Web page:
Now available from Wiseblood Books: A Ship to Hold the World, and The Marionette’s Ascent. This double volume is destined to become a classic work of the religious imagination. Each poem in the first volume, A Ship to Hold The World can be described as Dramatic Monologue meets Midrash, each soulful and sensual verse written in the voice of a Biblical character: from Satan to Salome, from Noah to Lazarus. Here we witness “Delilah’s Defense” and “Job at The Garage Sale.” In the second volume, The Marionette’s Ascent, we encounter the unforgettable character of Marion, a brash and brilliant “everyman” marionette who finds herself on a Dantean journey through purgatory, hell and heaven. Her ever-present strings remind of the sufferings and sacrifices of each our own lives and, ultimately, of the cost of redemption. These poems are at times laugh-out-loud funny, and at other times, heartbreaking.
Like a sumptuous Northern diptych—Van Eyck’s Crucifixion and Last Judgment, say—Annabelle Moseley’s twinned volumes treat Biblical subjects through stunning compositions and vivid colors. In A Ship to Hold the World, Old Testament voices speak from the embers of ancient narratives with a contemporary spark. In The Marionette’s Ascent, it is not Dante who makes this spiritual journey but our semblable, a puppet, dancing to another’s tune: we are all, at times, willing or unwilling marionettes, the book suggests, and who of us cannot feel the truth of this. Moseley pulls the strings in these signal volumes, and the resulting show is mesmerizing. —David Yezzi
When we pray, we put our two hands together, a symbolic gesture made possible because our bodies rhyme. In this amazing collection, Annabelle Moseley has hinged together two books, which, on first glance, would seem to be very different than our matching hands: venerable voices from the Old Testament in the first book, followed by the far more contemporary voice of “Marion,” a highly opinionated stringed puppet who has “dropped the ette” from her name. Moseley is a master of music in both volumes. Her characters speak in a perfect pentameter line, unnoticed because flawless. This poet knows line breaks: when to enjamb and when not. So never do we get the “Hallmark Card” effect. Instead, these are living voices we can really believe. “It’s dancing through restraint that is the test,” says Marion, and Annabelle Moseley has done just that in these remarkable poems. —Bruce Guernsey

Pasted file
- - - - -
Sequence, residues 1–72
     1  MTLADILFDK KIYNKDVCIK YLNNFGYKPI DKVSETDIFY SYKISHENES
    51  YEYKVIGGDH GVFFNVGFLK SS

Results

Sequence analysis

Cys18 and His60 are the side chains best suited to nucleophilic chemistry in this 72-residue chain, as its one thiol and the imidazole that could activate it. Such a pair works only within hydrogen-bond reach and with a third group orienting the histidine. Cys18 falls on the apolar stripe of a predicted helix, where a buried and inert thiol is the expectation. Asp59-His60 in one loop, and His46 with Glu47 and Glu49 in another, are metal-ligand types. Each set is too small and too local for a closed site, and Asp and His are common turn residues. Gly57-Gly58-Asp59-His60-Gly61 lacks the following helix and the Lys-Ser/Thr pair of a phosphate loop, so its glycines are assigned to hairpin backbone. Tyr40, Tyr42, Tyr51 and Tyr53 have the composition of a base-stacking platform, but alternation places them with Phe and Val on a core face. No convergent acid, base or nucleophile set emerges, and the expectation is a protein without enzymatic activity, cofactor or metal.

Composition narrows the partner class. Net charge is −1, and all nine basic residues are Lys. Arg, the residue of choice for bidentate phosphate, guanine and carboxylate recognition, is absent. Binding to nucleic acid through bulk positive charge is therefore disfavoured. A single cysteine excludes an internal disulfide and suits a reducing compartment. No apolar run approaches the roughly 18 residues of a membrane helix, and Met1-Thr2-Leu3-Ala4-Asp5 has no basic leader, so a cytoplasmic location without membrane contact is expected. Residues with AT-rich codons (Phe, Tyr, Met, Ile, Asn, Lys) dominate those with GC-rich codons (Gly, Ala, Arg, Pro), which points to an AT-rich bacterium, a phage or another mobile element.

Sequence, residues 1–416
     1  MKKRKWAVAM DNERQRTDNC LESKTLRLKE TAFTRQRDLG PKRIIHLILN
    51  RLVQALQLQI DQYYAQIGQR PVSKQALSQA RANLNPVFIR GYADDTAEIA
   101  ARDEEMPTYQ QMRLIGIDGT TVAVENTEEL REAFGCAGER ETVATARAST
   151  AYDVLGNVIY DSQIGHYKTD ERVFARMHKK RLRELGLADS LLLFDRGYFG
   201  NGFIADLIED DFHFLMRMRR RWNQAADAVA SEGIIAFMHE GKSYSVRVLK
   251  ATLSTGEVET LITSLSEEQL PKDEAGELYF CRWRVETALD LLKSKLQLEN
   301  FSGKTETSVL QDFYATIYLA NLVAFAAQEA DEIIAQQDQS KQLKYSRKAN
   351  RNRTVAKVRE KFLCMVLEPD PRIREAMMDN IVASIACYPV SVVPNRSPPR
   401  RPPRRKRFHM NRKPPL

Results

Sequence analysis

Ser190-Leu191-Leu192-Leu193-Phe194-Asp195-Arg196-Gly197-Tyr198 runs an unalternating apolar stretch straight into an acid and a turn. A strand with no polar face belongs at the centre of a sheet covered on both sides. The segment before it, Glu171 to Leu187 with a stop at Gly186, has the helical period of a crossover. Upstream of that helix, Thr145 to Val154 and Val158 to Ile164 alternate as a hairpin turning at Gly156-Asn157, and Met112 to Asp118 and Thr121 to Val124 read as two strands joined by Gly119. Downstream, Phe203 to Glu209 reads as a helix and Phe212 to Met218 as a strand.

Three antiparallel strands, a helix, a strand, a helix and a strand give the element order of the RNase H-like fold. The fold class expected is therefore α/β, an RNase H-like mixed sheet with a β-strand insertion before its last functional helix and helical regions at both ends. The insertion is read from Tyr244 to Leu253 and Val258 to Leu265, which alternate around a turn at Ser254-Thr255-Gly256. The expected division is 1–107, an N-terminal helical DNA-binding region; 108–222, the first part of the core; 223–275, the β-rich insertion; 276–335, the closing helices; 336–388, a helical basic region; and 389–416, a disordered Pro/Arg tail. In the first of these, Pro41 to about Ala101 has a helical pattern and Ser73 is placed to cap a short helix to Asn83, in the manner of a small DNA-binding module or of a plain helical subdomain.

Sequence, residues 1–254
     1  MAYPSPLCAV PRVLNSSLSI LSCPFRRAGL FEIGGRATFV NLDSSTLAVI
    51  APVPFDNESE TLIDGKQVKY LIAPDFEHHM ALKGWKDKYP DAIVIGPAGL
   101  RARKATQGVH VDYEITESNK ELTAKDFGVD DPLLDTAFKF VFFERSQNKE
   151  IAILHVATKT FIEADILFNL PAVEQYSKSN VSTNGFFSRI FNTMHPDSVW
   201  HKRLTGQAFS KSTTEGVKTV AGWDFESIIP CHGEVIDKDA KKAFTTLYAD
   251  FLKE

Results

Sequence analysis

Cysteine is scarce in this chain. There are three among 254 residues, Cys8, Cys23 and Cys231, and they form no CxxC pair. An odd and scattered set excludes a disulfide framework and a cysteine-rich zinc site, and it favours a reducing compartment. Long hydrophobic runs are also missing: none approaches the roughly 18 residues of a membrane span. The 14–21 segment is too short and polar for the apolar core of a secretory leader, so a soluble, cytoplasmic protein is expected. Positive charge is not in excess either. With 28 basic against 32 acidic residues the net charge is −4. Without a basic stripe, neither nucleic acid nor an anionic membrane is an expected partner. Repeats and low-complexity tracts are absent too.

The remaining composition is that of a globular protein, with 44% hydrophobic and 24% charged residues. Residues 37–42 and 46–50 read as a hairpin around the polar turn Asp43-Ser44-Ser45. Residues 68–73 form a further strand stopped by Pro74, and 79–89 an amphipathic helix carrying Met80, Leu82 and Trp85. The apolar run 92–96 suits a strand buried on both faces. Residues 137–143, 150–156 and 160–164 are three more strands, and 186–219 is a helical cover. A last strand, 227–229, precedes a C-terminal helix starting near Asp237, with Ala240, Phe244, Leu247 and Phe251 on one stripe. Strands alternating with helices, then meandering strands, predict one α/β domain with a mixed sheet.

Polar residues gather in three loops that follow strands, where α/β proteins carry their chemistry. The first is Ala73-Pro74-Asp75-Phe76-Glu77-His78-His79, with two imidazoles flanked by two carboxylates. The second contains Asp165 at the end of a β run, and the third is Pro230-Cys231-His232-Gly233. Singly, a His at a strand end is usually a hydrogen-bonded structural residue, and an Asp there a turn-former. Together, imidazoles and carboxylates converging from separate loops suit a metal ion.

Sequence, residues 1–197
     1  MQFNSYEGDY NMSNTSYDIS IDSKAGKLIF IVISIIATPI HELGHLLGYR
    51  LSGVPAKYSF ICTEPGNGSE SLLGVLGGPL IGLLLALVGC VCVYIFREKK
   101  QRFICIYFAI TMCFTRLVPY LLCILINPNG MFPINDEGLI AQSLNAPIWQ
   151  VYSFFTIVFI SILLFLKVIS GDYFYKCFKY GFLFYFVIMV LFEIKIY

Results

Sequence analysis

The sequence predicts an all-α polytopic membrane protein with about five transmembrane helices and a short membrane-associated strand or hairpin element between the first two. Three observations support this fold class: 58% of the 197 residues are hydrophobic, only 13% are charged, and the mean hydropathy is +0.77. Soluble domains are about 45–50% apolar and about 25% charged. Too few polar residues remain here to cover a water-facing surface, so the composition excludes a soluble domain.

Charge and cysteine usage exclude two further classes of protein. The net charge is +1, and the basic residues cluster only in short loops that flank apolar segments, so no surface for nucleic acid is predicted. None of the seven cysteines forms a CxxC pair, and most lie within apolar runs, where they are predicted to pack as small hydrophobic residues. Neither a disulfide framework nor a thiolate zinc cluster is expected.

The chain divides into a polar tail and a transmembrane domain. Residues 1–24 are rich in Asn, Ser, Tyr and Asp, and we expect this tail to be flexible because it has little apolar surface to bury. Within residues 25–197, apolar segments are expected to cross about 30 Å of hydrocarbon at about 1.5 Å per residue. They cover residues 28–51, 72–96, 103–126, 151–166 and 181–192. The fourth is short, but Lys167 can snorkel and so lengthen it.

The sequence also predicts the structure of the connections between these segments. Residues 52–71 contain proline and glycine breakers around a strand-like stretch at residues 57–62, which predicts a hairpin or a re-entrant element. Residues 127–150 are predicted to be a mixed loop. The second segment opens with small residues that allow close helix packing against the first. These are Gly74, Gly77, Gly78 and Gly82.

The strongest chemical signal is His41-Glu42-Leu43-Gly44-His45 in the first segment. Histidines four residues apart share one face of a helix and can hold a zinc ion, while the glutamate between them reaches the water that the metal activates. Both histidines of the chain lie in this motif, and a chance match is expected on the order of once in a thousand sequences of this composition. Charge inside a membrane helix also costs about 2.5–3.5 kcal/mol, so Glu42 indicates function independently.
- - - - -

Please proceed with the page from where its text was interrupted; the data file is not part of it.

Reading Annabelle Moseley’s double volume is like witnessing a dazzling, sophisticated “Cirque du Soleil” act. All elements combine; entertaining and strange, full of character and choreography, feeling and forward motion. There is never a dull moment, nor any passage which may be lightly-treated except to the reader’s disadvantage. Good judgment is here, too, in great quantities, as though the poems of A Ship to Hold the World, and The Marionette’s Ascent launched themselves from the flying trapeze of utterly-candid innocence, to fill the reader with trepidation, sailing over the safety net to safely land on a high platform of Wisdom—far above the reader, but visible, still. —Jennifer Reeser
Annabelle Moseley’s double gift of poetry (two books in one) is attuned to the higher powers that animate her art. Moseley’s confidence in forms yields a voice that is, by turns, playful, darkly witty, passionate, and powerful. This poet breathes life into old toys and ancient texts, in the most serious kind of play: the artist’s conjuring of worlds we can’t resist. —Ned Balbo